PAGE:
Congress revised the laws relating to medical practice, consumption taxes, municipal licenses, and wagon roads; abolished the 10-cent tax on sugar; places vaccine, water-closets, and burners for alcohol lamps on the free list, and made some minor changes in the criminal statutes. However, nothing practical was done in regard to the most important of the subjects upon which it is universally recognized that Dominican legislation is in need of reform.

A draft on an amended constitution was formally submitted and discussed. The present one makes no provision for the selection of a Vice-President in case of a vacancy in that office either by death or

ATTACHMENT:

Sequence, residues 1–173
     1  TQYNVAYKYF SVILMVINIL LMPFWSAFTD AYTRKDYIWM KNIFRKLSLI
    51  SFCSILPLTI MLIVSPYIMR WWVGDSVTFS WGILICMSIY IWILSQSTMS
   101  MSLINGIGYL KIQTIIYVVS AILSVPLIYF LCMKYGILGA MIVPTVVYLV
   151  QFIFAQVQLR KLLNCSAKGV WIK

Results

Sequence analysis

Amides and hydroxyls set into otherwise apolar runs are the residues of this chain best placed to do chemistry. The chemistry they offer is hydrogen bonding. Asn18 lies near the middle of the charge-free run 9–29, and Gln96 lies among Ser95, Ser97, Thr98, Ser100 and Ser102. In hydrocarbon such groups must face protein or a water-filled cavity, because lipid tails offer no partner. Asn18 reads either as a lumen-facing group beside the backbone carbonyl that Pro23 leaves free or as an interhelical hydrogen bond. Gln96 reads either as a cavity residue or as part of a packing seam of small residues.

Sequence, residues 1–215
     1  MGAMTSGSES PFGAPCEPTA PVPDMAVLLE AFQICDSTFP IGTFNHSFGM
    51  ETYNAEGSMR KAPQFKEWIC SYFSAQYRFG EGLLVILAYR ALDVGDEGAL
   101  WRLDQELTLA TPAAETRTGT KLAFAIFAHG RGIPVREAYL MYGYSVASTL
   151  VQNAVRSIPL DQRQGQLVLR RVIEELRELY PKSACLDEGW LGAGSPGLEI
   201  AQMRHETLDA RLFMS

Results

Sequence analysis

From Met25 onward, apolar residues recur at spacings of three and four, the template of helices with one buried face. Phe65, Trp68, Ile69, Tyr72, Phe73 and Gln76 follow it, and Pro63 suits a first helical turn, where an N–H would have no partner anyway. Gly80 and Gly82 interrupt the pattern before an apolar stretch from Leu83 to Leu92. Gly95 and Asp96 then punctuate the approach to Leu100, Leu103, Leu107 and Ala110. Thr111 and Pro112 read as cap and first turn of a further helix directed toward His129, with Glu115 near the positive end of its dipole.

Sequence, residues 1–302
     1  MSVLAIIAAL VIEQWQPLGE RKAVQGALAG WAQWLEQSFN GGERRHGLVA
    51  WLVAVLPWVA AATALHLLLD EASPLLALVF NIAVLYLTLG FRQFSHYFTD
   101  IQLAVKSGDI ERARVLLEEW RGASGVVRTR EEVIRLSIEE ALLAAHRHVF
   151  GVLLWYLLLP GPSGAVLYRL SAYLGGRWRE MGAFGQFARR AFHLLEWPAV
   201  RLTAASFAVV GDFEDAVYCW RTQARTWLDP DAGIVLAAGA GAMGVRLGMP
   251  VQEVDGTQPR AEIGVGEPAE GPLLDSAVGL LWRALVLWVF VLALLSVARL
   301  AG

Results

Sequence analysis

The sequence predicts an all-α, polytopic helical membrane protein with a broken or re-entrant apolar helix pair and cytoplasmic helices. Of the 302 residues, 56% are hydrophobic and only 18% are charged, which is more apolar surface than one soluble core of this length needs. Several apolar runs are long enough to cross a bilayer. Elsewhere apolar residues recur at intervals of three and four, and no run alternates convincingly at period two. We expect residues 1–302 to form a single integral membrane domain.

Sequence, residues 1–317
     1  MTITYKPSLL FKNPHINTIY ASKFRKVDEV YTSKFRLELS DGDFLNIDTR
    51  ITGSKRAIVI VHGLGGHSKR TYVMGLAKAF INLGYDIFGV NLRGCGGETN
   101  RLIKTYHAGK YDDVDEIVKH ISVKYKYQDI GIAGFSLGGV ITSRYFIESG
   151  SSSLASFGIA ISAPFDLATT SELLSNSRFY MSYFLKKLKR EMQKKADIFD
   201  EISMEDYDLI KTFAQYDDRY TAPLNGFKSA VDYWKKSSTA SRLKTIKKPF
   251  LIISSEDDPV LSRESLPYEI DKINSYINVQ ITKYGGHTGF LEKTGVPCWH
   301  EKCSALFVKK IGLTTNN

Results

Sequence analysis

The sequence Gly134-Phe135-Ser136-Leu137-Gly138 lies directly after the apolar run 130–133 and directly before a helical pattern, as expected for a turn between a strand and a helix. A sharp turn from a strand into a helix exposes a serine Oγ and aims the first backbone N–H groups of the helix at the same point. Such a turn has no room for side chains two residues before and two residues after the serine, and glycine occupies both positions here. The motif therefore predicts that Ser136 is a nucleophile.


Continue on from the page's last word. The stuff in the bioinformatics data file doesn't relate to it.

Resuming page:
resignation or by promotion of the incumbent to Presidency, and according to the letter of the constitution the President is a mere figurehead, all executive power belonging to the council of ministers. The proposed constitution provides for the succession to Presidency, and gives the President substantially the same authority as is possessed by the President of the United States. But after a little half-hearted discussion it was laid aside and the country continues without any legal provision for electing a successor to President Caceres. If he should die, the cabinet council would doubtless legally continue to conduct the Government, and would probably summon Congress, and probably the electoral college, for the purpose of selecting a President. But the constitutional right of either body to do so is not clear and grave consequences might ensue. Other important projects of reform submitted but not acted upon were those for a patent law, for the reorganization of the postal service, for a game law, and for a revised customs tariff. Of the latter there is urgent need, the present tariff schedules and system being antiquated. They have come down from the early days of the Republic without substantial changes except repeated horizontal increases in duties. As a whole the rates are so high as to limit consumption and even to reduce the revenue in the case of many articles. Since most duties are based upon valuations fixed by the schedules themselves, the great changes in prices since the schedules were enacted have brought about the most astonishing inequalities. The proposed new tariff offered informally by the minister of finance for the consideration of Congress is framed upon that now in force in Venezuela. It does not meet the approval of the general receiver, whose wide experience in customs matters was not utilized by the minister of finance and the informal commission of merchants who assisted him in framing it.